For longitudinal analysis, a linear mixed-effects model combined with FDR correction measured the changes in phenotype scores during follow-up visits related to the 81 SVA RIPs in the PPMI cohort. The linear mixed-effects model used was: lme(response~R_SVA_XXX * months, random = ~1|PATNO, na.action=na.omit, data=PD) using the nlme package in R. Categorical variables were converted into numeric variables by using “as.numeric” option in R. Longitudinal data were obtained from PPMI ( and the most recently compiled files (PPMI_Baseline_Data_02Jul2018 and PPMI_Year_1-3_Data_02Jul2018) at the time of download were used. Altogether, 111 different clinical variables (Supplementary Table 4) were analysed in the PD subjects from four visits at baseline (0), 12, 24 and 36 months for the majority of the data points (data relating to the DaTscan SPECT imaging was not available at 36 months). The p values from the linear mixed-effects model were corrected for the number of features analysed and the FDR corrected p-value is reported in Table 2. A pairwise analysis was then performed using estimated marginal means on the SVAs that were significant after FDR correction for an effect size comparison with Tukey adjusted p-value for family-wise error rate reported in Table 2. The number of PD subjects analysed at each time point for each genotype of the seven significant SVAs in the linear mixed-effects model and pairwise comparison are reported in Supplementary Table 5.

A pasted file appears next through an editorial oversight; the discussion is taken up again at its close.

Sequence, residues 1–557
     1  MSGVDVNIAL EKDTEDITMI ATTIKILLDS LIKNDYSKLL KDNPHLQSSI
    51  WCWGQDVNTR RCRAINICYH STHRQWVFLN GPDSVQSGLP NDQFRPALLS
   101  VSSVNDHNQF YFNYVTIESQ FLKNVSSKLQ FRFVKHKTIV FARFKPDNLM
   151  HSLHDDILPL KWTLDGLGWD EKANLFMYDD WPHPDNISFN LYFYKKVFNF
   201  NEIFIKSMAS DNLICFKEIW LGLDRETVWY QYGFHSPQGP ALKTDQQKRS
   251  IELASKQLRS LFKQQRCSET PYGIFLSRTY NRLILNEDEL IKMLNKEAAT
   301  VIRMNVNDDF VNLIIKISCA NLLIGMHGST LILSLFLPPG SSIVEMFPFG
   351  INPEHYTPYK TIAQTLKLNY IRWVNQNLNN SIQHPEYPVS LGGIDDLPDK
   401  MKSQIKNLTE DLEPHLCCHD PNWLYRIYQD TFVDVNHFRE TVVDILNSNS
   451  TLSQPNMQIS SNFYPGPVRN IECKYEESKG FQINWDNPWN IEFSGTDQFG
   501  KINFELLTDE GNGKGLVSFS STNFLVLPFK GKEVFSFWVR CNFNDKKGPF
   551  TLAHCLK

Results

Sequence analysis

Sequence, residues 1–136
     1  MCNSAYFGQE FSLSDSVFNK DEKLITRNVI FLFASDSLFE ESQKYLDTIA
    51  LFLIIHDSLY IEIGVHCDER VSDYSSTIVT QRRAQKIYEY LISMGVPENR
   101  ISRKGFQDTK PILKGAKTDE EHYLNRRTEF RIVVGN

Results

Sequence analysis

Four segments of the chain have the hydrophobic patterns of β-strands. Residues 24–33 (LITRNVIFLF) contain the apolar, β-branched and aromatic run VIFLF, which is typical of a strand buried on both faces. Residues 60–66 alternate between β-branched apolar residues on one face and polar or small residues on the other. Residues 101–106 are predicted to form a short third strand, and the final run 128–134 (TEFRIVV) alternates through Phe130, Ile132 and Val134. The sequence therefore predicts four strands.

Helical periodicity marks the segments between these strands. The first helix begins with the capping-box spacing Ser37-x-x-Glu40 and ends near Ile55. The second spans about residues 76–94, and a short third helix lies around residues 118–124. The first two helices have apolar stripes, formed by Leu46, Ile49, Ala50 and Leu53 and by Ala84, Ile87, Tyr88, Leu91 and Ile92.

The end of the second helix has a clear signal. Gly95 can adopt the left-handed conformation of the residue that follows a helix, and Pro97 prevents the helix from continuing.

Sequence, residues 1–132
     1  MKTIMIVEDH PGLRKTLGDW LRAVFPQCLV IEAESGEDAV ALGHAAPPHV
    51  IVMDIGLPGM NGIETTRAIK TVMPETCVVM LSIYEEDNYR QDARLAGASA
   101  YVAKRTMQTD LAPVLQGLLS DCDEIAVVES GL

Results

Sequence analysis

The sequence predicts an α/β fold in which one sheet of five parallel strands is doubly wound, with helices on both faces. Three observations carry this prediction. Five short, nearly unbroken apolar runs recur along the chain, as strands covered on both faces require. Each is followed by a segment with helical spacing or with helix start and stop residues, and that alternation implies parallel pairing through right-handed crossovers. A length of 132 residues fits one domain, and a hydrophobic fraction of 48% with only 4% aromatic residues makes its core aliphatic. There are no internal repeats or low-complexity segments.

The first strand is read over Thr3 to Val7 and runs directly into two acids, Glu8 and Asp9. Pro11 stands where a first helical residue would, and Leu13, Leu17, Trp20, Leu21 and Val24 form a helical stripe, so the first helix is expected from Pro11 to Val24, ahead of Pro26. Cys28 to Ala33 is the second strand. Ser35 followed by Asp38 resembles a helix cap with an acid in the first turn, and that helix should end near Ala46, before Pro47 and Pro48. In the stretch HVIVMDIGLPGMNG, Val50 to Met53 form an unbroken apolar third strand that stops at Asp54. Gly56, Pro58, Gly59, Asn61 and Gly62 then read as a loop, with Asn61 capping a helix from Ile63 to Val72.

Analysis of SVA RIP genotype and gene expression in blood RNA-sequencing data from the PPMI cohort

In order to evaluate the effect of SVA RIP genotypes on the gene expression profile, differential whole transcriptome analysis based on whole blood RNA sequencing data (obtained from was performed on all subjects (healthy controls, PD and SWEDD). The DESeq2 package in R was used to detect statistically significant differences in the gene expression profiles between the different genotypes of the seven SVAs associated with clinical features of PD at baseline (0 months) and 36 months and p values were FDR adjusted. The analysis was repeated in the PD subjects alone and a similar pattern of gene expression was observed (Supplementary Fig. 3). The SNPs were queried using the GTEx web browser portal (available at to complement and extend this analysis by utilising the tagging SNPs identified for 6 out of the 7 SVAs from Table 3 to determine if they are eQTLs in a range of tissues. The GTEx project is an ongoing effort to build a comprehensive public resource to study tissue-specific gene expression and regulation. The GTEx Portal provides open access to data including gene expression, QTLs, and histology images.

Reporting summary

Further information on research design is available in the Nature Research Reporting Summary linked to this article.

Data availability

The data used in this study was obtained from the Parkinson’s Progression Markers Initiative (PPMI) database ( Access to sequencing and phenotype data is controlled by PPMI. The datasets used in this study were whole genome sequencing bam files (Hg38), VCF files (Project 188), RNA sequencing from whole blood from five time points (counts data from Phase 1 and 2 RNA-seq aligned to hg19) and longitudinal clinical and phenotypic data (PPMI_Baseline_Data_02Jul2018 and PPMI_Year_1-3_Data_02Jul2018). The data used for the analyses described in this manuscript were obtained from the GTEx Portal ( The GTEx Analysis V8 was used, which provides access to de-identified gene expression data, QTL and histology images. The GTEx Analysis V8 dataset used in this project is publicly available on the GTEx portal.